Azure Command Line 2.0 generally available.

This new version of Azure CLI should feel much more native to developers who are familiar with command line experiences in the bash enviornment for Linux and macOS. With simple commands that have smart defaults for most common operations and that support tab completion.

The number of Azure services supported in Azure CLI 2.0 has grown and now it have command modules for sql, documentdb, redis, and other.

Installing the Azure CLI

The CLI runs on Mac, Linux, and of course, Windows. Get started now by installing the CLI on whatever platform you use.

Here’s an example of the features included with the “vm command”:

Working with the Azure CLI

Accessing Azure and starting one or more VMs is easy. Here are two lines of code that will create a resource group and a Linux VM using Azure’s latest Ubuntu VM Image in the westus2 region of Azure.

az group create -n MyResourceGroup -l westus2
az vm create -g MyResourceGroup -n MyLinuxVM --image ubuntults

Using the public IP address for the VM, connect directly to your VM from the command line:

ssh <public ip address>

For Windows VMs on Azure, you can connect using remote desktop (“mstsc <public ip address>” from Windows desktops).

The “create vm” command is a long running operation, and it may take some time for the VM to be created, deployed, and be available for use on Azure.

az vm create -n MyLinuxVM2 -g MyResourceGroup --image UbuntuLTS --no-wait

The Azure CLI 2.0 lets you list your Azure resources and provides different output formats.

--output        Description
json    json string. json is the default. Best for integrating with query tools etc
jsonc   colorized json string.
table   table with column headings. Only shows a curated list of common properties for the selected resource type in human readable form.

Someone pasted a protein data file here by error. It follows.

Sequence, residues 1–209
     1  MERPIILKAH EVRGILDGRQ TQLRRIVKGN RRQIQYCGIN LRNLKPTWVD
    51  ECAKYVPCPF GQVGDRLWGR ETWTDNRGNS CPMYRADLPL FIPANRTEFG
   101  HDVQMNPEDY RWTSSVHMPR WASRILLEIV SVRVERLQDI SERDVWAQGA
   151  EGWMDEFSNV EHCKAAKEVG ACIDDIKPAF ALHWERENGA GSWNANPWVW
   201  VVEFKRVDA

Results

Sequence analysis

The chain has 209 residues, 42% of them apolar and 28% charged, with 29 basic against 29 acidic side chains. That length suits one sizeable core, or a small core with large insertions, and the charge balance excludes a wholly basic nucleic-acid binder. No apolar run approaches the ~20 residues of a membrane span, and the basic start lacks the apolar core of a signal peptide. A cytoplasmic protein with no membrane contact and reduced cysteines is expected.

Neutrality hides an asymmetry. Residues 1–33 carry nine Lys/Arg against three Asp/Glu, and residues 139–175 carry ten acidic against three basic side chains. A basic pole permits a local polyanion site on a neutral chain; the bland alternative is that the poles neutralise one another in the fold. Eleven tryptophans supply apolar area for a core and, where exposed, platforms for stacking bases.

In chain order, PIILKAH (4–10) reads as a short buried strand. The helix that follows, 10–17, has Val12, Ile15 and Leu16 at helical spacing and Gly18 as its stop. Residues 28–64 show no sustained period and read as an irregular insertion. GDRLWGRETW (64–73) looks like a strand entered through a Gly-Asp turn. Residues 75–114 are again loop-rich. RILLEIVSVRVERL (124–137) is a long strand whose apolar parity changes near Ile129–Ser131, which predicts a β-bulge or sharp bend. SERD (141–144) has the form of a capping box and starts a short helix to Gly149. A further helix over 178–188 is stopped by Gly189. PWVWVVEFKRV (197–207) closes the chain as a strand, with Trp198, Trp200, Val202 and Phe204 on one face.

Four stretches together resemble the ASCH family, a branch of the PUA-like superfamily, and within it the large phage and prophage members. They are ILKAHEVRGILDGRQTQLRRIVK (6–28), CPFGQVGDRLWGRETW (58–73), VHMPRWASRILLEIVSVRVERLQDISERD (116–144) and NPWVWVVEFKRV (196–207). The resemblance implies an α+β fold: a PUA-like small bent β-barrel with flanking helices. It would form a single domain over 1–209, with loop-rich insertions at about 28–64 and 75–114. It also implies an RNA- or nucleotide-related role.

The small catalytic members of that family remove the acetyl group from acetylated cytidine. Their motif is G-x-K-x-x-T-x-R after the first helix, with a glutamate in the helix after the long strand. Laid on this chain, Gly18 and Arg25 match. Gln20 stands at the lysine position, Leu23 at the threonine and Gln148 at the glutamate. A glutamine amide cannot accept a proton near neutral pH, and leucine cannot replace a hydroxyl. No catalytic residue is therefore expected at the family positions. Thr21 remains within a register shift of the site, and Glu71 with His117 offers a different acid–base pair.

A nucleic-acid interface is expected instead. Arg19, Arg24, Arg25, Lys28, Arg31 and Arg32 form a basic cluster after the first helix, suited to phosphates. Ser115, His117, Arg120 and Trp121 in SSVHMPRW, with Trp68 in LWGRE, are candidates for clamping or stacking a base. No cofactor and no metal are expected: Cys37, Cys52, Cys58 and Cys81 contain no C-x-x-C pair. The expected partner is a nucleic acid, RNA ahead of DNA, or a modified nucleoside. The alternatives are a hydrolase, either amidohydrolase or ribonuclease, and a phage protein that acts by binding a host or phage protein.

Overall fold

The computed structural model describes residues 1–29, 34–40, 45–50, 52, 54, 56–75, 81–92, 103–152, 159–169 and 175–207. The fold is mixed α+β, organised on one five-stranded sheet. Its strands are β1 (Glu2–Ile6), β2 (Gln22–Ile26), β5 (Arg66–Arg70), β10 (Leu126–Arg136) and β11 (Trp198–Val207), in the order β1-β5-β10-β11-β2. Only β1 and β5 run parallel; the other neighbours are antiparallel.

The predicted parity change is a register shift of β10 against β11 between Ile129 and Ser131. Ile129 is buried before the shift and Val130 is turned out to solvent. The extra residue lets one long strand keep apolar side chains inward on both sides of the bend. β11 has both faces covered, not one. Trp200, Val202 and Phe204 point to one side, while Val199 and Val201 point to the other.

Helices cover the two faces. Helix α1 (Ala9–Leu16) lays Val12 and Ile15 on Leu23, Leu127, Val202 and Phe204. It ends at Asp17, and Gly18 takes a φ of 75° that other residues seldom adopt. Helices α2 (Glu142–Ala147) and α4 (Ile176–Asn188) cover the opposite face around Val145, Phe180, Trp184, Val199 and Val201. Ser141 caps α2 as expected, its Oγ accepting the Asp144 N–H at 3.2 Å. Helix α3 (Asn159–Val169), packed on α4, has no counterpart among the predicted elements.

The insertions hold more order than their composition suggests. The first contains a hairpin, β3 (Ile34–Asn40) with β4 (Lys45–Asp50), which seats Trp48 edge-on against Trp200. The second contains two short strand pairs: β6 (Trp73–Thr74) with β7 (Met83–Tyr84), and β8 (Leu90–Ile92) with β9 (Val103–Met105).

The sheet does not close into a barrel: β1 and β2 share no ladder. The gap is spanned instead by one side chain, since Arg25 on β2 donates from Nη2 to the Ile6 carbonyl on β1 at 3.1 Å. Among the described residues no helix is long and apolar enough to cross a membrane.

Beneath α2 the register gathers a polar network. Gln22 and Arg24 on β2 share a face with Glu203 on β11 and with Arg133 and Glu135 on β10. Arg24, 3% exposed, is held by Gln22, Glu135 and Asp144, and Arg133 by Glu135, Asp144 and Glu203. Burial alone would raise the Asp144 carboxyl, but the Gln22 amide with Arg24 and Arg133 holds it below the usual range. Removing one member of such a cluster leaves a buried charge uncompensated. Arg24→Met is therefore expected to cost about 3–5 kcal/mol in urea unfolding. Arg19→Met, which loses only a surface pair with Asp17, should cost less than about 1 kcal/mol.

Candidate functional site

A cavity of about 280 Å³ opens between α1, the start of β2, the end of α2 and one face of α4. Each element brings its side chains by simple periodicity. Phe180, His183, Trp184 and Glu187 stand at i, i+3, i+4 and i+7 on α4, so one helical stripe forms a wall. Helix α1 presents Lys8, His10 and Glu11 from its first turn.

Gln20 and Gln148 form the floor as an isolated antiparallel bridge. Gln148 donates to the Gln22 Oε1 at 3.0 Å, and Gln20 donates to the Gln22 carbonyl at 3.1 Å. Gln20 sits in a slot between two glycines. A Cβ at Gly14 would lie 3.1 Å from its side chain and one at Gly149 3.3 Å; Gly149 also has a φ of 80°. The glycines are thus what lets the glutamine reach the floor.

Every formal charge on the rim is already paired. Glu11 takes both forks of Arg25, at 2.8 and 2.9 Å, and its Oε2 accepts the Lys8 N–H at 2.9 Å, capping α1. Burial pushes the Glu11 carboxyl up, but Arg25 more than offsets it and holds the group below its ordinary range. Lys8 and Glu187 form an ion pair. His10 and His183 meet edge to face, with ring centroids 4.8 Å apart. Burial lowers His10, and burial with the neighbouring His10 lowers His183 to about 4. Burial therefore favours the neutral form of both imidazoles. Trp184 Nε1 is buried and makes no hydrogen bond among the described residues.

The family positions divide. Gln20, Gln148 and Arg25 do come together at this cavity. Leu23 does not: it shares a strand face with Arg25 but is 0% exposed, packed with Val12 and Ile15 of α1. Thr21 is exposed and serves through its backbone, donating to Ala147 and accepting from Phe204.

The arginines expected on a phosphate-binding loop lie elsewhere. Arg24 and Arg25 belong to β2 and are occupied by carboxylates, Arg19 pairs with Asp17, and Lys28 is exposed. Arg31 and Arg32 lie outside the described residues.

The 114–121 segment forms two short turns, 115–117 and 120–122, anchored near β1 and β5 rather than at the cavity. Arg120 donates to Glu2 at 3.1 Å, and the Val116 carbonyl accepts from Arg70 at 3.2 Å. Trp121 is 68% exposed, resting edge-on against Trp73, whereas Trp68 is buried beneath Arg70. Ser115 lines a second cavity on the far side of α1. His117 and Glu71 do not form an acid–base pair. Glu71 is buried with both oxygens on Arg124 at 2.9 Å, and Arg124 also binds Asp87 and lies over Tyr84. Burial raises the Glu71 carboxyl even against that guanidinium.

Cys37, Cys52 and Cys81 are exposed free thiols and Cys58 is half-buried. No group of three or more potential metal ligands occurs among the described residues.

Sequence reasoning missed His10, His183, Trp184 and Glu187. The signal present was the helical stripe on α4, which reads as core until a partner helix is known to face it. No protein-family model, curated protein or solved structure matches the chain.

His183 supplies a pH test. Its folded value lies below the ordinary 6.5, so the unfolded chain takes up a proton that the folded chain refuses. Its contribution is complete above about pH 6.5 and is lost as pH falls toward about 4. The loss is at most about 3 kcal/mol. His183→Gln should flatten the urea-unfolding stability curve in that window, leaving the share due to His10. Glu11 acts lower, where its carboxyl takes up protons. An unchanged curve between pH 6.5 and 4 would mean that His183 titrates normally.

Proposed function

tsv     tab-separated values with no headers. optimized for piping to other tex-processing commands and tools like grep, awk, etc.

You can use the “–query” option with the list command to find specific resources, and to customize the properties that you want to see in the output. Here are a few examples:

# list all VMs in a given Resource Group
az vm list -g MyResourceGroup --output table

# list all VMs in a Resource Group whose name contains the string ‘My’
az vm list --query “[?contains(resourceGroup,’My’)]” --output tsv

# same as above but only show the 'VM name' and 'osType' properties, instead of all default properties for selected VMs
az vm list --query “[?contains(resourceGroup,’My’)].{name:name, osType:storageProfile.osDisk.osType}” --output table

Azure CLI 2.0 supports management operations against SQL Server on Azure.

# Create a new SQL Server on Azure
az sql server create -n MySqlServer -g MyResourceGroup --administrator-login <admin login> --administrator-login-password <admin password> -l westus2

# Create a new SQL Server database
az sql db create -n MySqlDB -g MyResourceGroup --server-name MySqlServer -l westus2

# list available SQL databases on Server within a Resource Group
az sql db list -g MyResourceGroup --server-name MySqlServer